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Lincoln’s presidency (the most highly appraised by historians) is nestled between two of the worst. Buchanan came before and basically did nothing to address the shifting tides of the national consciousness and the growing unrest that led to the secession of the Confederate States in 1861. He managed to alienate Northern Democrats and Republicans in an attempt to administer Kansas as a Slave State and provoked one of the greatest moral failings of any president in supporting the outcome of the Dred Scott case (which determined that Scott, a slave, could not sue for his freedom in a Free State). Although he supported the North in the Civil War, his partiality to the South in the preceding years did more damage than he ever could admit.

It is said that he declared the day before his death that “history [would] vindicate my memory”. He was… well, you get where I’m going with this.

Warren G. Harding (1921-1923)

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Like Trump, this guy didn’t really know what he was doing. To be fair though, he did at least acknowledge how incompetent he was in saying “I am not fit for this office and should never have been here”. So, there’s that.

Although strongly mourned upon his death just two years into office, a series of scandals emerged which shaped historical revisionism in the immediate years following. These basically amounted to Harding’s cronies looting the treasury with dodgy deals such as the Teapot Dome Scandal. Elsewhere, he was also seen as an ineffective and uninspiring leader, one whose popularity drove him to prominence rather than any intellectual stances posited for helping the nation.

 

 

2020 Looms Already… Tips For the Democrats

2020 Looms Already… Tips For the Democrats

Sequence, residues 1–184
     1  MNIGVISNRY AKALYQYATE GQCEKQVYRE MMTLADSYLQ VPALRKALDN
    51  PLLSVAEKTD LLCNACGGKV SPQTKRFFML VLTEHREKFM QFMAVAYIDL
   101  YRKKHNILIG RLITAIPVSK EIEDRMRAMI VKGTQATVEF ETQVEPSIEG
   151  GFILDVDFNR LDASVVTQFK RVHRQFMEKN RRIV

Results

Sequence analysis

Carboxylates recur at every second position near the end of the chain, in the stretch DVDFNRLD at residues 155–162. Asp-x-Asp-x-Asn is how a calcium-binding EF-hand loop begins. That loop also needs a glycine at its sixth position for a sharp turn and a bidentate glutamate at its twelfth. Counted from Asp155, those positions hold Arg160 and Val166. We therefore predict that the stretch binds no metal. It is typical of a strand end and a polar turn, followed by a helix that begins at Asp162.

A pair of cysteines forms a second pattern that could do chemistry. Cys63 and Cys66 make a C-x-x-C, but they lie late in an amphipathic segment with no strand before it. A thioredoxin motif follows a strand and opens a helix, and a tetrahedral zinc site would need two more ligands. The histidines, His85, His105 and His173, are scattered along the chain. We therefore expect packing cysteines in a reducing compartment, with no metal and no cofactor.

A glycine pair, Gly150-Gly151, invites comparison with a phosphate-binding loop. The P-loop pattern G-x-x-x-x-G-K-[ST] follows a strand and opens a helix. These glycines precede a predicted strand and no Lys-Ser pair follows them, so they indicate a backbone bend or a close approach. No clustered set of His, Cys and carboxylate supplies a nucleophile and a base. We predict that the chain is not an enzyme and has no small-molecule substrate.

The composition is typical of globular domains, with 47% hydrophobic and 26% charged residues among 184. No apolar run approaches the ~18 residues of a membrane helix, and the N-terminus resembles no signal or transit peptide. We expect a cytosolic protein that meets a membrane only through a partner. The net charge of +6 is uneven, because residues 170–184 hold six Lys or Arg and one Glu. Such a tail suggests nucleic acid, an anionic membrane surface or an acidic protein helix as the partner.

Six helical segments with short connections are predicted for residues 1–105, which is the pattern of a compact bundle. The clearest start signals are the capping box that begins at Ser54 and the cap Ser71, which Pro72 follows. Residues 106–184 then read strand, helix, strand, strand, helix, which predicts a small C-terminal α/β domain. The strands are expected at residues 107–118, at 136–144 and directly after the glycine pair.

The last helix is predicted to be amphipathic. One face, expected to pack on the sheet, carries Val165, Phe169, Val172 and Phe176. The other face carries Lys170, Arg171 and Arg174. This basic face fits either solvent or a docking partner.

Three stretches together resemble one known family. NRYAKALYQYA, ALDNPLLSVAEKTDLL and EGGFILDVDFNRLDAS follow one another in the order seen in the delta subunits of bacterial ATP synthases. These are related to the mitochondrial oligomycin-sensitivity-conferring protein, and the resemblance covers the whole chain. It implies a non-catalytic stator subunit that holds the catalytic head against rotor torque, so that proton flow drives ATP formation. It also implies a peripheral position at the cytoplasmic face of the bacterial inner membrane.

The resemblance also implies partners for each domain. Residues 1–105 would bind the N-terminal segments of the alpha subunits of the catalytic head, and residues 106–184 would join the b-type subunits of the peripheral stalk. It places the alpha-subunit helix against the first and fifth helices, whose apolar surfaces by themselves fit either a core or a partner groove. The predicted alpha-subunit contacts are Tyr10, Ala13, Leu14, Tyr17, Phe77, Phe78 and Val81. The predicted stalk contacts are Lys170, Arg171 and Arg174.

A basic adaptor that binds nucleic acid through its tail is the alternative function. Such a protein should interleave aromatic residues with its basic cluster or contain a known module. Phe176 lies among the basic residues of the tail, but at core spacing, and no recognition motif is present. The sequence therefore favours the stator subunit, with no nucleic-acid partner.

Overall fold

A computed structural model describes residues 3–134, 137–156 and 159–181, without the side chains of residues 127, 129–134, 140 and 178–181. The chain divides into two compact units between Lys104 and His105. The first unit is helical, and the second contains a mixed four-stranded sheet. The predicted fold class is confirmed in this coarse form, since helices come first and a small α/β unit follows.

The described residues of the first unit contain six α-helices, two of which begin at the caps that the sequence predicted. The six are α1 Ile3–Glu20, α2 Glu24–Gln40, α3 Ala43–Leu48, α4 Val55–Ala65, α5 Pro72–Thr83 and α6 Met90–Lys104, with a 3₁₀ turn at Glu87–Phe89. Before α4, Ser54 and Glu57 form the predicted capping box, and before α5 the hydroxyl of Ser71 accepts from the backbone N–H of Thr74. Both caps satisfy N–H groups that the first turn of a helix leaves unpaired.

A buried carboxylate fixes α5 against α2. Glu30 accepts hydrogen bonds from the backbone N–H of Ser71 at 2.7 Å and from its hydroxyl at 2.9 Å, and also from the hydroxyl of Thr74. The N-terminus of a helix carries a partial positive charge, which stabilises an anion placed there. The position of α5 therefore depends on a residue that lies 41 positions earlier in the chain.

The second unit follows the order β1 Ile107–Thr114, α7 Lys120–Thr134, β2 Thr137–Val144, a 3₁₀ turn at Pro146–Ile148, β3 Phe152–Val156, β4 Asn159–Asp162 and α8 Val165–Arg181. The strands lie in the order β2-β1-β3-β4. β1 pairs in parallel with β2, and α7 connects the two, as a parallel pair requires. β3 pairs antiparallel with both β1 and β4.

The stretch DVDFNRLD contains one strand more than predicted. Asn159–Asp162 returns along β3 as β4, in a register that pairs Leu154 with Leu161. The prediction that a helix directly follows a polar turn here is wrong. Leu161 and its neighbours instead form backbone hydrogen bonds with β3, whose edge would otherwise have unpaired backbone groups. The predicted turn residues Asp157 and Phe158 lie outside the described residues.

Alas, the 2020 election’s already rearing its ugly head even though there’s still 19 months till it actually happens. With candidates like Kamala Harris and Elizabeth Warren emerging and with the stakes higher than ever, I thought this would be a good opportunity to provide some necessary nuggets of advice because… well, let’s face it- the Democrats kind of… suck. That is, not to say, that their candidates are bad or that their ideas lack gravitas or sense; they just don’t know how to sell themselves or stay the course. So, please take heed because nothing’s guaranteed.

  1. Don’t turn on one another: Bernie Sanders isn’t the enemy, nor is any other candidate who takes the steam away from the party’s star darling. In 1980, the Democrats’ chances were greatly skewered by Senator Ted Kennedy’s challenge against incumbent Jimmy Carter. In 2016, Hillary and Bernie supporters clawed and gnawed at each other to the point that many of Bernie’s ranks became Trump voters while many of Hillary’s bemoaned the sheer gall of a challenge .
  2. Stand by your liberal values: The latest stream of Democrats in the House suggests the Democratic party is moving to the left. Agreeing on a final platform in the summer of 2020 will undoubtedly be a messy affair but at this juncture, there’s no sense in compromising to meet the Republican base’s standards. Trump’s damaging the party in spectacular ways and if the Democrats present a centrist vision, they may lose the value of contrast.